Let’s take the bottom (and no, I don’t mean it like that). “Bum” is funny.  “Rear” is something horses do.  “Rump” just sounds like a joint of beef. It’s okay for the Americans, who bandy about “ass” with aplomb, but a Brit can’t use “ass” without sounding like, well, an arse. And “arse”, in turn, is so British that it immediately conjures up scenes from seventies soft porn films with names like “Confessions of a Used Car Salesman in Rotherham”.

I'm sorry, Geoffrey, it just feels as though there's something missing...

I’m sorry, Geoffrey, it just feels like there’s something missing…

And that’s before you get on to the really rude bits.

You know, just know, that choosing the wrong word is going to immediately shatter any erotic tension you’ve managed to build up. It’s the literary equivalent of comedy underwear. It’s like getting hot and heavy with your lover when the iPod changes tracks and you’re suddenly listening to My Ol’ Man’s a Dustman.  (To be clear, there’s no Chas ‘n’ Dave on my iPod. I’m not saying anything about the Husband.)

The other problem was that my sex scene comes, as it were, towards the end of my book. By the time I started to write it, various kind friends and colleagues had agreed to read through the first draft and tell me what they thought. The idea of them – actual living, breathing people I knew – reading my attempt at erotica was almost terminally embarrassing.  What if they thought it was vile /perverted /laughable /just plain rubbish? Imagining people I’d worked with, professional people with whom I’d sat in meetings discussing local government finance, reading The Scene was almost enough to make me abandon the whole idea.

In the end, I did actually cross a couple of people off my readers list.  Ridiculous, I know, when I want to be a published author, but there it is. I warned the others and gave them a get-out – i.e. if the thought of reading something I’ve written that’s a bit rude turns your stomach, feel free to say “no” and I promise not to be offended.  No-one took it, bless their hearts, but I still can’t help imagining them finishing those paragraphs, putting down the manuscript and taking a deep breath to keep down their dinner (“I know she said there was a sex scene but, really, I wasn’t expecting that!“).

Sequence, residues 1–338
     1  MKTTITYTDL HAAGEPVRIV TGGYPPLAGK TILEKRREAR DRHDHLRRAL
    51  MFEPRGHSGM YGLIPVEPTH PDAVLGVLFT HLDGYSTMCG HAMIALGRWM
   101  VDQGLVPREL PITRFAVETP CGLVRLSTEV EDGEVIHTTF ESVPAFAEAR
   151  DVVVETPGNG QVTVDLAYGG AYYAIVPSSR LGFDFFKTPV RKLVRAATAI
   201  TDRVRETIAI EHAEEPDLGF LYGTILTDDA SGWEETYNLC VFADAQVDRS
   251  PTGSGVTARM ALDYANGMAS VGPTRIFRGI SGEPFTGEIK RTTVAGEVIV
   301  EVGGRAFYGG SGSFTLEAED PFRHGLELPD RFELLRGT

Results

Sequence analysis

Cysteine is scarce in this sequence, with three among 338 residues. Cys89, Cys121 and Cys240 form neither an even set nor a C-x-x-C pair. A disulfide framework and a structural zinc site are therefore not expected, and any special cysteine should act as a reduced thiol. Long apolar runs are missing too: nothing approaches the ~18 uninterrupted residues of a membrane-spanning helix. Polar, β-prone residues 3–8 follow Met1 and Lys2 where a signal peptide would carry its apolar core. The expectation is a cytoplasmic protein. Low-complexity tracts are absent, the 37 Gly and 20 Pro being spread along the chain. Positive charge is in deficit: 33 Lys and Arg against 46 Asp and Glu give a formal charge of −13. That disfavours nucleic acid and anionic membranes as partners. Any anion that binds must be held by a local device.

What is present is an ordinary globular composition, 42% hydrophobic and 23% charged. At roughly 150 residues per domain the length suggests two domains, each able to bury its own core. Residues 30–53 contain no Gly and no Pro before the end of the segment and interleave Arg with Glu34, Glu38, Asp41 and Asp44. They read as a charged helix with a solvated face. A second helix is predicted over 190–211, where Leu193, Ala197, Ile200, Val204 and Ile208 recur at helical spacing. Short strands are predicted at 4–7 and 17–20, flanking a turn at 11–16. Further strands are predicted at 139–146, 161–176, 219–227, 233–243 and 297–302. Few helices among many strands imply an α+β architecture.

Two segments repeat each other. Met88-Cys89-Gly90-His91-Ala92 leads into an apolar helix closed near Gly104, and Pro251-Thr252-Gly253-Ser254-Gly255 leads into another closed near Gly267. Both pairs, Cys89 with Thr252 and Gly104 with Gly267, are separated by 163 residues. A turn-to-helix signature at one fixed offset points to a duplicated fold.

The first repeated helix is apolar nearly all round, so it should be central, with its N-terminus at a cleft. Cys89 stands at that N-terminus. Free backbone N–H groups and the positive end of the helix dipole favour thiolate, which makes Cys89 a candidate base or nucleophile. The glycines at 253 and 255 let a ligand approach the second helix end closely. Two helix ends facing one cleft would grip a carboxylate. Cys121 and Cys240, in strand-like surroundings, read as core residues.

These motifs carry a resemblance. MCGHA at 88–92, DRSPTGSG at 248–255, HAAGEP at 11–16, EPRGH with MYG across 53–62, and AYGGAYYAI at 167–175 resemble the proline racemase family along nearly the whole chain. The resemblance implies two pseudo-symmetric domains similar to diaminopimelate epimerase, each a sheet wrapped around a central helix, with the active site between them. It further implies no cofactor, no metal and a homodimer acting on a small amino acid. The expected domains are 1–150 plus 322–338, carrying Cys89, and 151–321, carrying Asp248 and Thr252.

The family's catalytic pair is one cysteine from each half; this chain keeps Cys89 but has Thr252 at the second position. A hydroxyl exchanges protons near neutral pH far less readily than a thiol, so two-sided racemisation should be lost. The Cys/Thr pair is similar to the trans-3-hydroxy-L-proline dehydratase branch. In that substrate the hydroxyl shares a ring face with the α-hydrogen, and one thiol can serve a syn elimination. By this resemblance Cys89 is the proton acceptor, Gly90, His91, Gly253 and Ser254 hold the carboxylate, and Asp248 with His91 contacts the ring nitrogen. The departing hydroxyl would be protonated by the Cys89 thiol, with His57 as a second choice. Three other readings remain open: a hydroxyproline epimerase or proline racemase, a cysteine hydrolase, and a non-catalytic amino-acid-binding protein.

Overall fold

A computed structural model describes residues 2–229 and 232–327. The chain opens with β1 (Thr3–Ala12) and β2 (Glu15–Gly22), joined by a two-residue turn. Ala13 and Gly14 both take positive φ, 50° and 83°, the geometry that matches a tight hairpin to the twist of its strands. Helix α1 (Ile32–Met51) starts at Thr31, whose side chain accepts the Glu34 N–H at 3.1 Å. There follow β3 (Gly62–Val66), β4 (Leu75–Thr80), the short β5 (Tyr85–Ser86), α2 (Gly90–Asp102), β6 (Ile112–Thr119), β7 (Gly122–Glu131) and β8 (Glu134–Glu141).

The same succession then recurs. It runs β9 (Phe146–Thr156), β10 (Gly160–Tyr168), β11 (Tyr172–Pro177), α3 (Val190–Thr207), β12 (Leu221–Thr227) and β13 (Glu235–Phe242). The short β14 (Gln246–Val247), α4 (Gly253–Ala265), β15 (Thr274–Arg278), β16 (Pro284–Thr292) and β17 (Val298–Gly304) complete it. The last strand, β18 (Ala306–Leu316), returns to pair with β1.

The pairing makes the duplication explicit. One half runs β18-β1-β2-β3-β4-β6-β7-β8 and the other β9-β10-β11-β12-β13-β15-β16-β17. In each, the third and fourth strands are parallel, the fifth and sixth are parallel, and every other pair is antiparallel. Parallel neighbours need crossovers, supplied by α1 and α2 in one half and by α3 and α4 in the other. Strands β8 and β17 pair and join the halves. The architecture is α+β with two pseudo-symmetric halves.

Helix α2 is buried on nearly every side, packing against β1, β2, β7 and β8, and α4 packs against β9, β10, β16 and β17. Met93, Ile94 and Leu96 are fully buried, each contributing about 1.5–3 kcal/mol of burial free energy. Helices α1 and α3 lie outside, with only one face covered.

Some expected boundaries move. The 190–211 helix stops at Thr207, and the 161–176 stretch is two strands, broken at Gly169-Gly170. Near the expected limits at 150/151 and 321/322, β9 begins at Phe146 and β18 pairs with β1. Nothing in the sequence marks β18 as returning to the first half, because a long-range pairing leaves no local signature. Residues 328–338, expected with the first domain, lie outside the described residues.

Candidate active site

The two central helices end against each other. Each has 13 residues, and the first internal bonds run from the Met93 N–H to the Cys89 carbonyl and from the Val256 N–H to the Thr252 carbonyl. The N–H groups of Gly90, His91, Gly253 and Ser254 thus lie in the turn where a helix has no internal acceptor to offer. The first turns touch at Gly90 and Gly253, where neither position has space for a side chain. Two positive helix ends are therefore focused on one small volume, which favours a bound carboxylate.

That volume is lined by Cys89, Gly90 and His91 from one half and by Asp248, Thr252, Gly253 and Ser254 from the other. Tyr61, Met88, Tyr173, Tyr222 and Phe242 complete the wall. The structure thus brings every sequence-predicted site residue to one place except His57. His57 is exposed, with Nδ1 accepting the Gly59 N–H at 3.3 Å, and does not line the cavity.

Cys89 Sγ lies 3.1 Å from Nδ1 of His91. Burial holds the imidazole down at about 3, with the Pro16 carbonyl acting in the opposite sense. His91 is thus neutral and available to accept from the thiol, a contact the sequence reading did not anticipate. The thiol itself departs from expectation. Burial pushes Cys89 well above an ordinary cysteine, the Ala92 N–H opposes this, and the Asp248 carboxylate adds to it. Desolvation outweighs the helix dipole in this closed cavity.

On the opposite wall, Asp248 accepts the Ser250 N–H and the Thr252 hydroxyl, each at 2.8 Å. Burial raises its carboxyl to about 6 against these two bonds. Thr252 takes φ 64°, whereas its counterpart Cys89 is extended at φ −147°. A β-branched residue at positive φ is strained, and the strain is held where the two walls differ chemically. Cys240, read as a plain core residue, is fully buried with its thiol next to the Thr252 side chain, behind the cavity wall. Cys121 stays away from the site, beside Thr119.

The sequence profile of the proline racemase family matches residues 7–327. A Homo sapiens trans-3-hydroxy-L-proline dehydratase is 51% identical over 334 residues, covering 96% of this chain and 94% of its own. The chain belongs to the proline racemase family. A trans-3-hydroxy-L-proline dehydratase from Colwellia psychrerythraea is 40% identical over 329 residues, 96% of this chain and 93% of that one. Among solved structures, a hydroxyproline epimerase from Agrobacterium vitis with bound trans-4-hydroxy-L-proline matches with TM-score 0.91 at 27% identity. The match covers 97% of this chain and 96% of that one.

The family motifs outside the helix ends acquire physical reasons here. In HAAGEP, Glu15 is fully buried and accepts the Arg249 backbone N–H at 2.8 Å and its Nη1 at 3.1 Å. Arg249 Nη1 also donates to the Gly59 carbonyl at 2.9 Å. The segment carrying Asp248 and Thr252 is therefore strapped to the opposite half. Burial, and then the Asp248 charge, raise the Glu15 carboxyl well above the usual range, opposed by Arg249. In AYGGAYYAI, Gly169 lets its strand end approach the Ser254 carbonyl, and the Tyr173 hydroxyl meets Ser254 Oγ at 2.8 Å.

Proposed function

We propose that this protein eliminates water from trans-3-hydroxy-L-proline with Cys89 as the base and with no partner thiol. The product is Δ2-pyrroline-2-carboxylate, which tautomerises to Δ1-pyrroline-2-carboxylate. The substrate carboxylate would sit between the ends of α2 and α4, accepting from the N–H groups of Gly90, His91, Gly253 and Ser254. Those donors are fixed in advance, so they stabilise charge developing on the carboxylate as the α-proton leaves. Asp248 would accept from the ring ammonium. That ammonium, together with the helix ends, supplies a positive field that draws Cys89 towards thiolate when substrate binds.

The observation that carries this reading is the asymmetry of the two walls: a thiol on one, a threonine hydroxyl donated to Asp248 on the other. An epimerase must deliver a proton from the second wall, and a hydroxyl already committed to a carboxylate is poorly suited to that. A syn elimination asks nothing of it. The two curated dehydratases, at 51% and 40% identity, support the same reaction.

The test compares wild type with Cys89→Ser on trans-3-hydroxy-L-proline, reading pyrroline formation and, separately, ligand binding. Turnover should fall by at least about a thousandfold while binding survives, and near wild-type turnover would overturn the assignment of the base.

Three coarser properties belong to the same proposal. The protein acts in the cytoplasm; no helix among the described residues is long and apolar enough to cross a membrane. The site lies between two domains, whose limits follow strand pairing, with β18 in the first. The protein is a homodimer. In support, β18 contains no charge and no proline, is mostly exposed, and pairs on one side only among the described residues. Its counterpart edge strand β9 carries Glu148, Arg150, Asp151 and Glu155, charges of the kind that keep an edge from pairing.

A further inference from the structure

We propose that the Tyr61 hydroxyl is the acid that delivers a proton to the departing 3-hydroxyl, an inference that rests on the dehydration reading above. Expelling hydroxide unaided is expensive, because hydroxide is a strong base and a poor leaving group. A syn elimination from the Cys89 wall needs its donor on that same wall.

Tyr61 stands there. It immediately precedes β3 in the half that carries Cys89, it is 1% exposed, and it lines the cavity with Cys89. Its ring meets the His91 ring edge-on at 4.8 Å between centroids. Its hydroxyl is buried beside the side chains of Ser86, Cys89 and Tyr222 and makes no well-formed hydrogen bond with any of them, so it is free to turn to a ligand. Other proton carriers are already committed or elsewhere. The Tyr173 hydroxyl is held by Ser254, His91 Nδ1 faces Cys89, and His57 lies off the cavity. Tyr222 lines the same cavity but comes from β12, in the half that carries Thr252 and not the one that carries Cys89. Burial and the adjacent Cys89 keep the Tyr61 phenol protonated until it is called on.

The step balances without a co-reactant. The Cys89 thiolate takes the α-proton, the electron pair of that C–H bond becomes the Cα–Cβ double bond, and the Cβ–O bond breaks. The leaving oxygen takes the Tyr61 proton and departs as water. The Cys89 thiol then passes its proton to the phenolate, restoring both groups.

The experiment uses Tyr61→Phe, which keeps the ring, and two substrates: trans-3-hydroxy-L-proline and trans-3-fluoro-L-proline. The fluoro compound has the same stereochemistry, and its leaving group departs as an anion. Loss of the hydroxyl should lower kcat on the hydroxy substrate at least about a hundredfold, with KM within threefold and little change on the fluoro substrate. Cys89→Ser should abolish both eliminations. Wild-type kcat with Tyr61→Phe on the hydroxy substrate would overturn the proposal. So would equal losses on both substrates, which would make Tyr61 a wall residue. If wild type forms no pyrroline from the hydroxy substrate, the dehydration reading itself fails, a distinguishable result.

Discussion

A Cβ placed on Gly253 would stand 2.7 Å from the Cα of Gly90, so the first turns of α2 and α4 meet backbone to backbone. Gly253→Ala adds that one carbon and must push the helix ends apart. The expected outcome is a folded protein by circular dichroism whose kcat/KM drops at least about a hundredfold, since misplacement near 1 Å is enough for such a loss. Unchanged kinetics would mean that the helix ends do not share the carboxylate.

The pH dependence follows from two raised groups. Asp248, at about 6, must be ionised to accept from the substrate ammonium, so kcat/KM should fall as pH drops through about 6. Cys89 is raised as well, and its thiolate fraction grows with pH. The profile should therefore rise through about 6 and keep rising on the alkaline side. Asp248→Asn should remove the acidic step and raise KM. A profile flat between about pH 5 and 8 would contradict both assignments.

Ultimately, of course, I just had to get on with it: write the words and hand ’em over.

Now I’m waiting for the feedback. Wish me luck.

Time After Lyme

Andrew Davies changed my life.

I speak, of course, of the Andrew Davies who wrote the screenplay for the BBC’s wildly successful 1995 miniseries of Jane Austen’s Pride and Prejudice.  P&P, as it’s known in our house, is my very, very favourite book.  (Yes, I know, me and fifty million other women.  So sue me.)  If I’m feeling ill or low or just in need of an excellent read, out it comes.  There are times – thankfully rare – when I’ve felt too rough even to read. Thanks to Andrew Davies, for almost twenty years now I’ve had an alternative – first the video, now the DVD.

Darcy at Lyme

“Mr Darcy! We had not expected to see you…”

That shiny little disc has been my friend through hangovers, bouts of food poisoning and quiet nights in with a bar of chocolate and a bottle of wine for company. Yesterday, I had a rare treat – I visited Lyme Park, the location for the exterior shots of Pemberley, Mr Darcy’s stately pile.  There, they’re celebrating the 200th anniversary of P&P’s publication with – wait for it – a twelve foot fibreglass model of Colin (I like to think we’re on first-name terms) as Mr Darcy, emerging from the lake, all clingy, transparent white shirt and dubious sideburns.

You can’t argue with something that’s done with so much affection – if you could, I might take issue with the size, the quality and indeed the taste of what, for want of a better word, I’ll call the installation – but that would be ill-natured, so I won’t. I will say, though, that out of sight of the fibreglass Colin, seeing Lyme Park across the lake did make me catch my breath and say, with Elizabeth, “I don’t think I ever saw a place more happily situated.”

Oddly – or perhaps not, given its temporary tenant – it wasn’t the lake that gave me my greatest Darcy Flutter. It was instead the inner courtyard, to be specific, the steps down which Darcy runs, hair still wet and tugging at his hastily-donned jacket, as he rushes to find Elizabeth before she leaves Pemberley after their embarrassing meeting at the lake.  Seeing it, I found myself imagining again his feelings as he seeks her out, desperate to find some way to show her he has changed for the better, unsure of himself for perhaps the first time in his life, unsure of anything except that – despite his vows to forget her – this woman is everything to him.

How could any woman not fall in love with Mr Darcy? And somehow, with Andrew Davies’s screenplay and a cast of talented actors, a new and different dimension was brought to that wonderful story.  Whenever I read Jane Austen’s words, Colin Firth will be my Mr Darcy (I won’t mention who’s cast as Elizabeth – you might have guessed it’s not Jennifer Ehle).  And Lyme Park will be my Pemberley.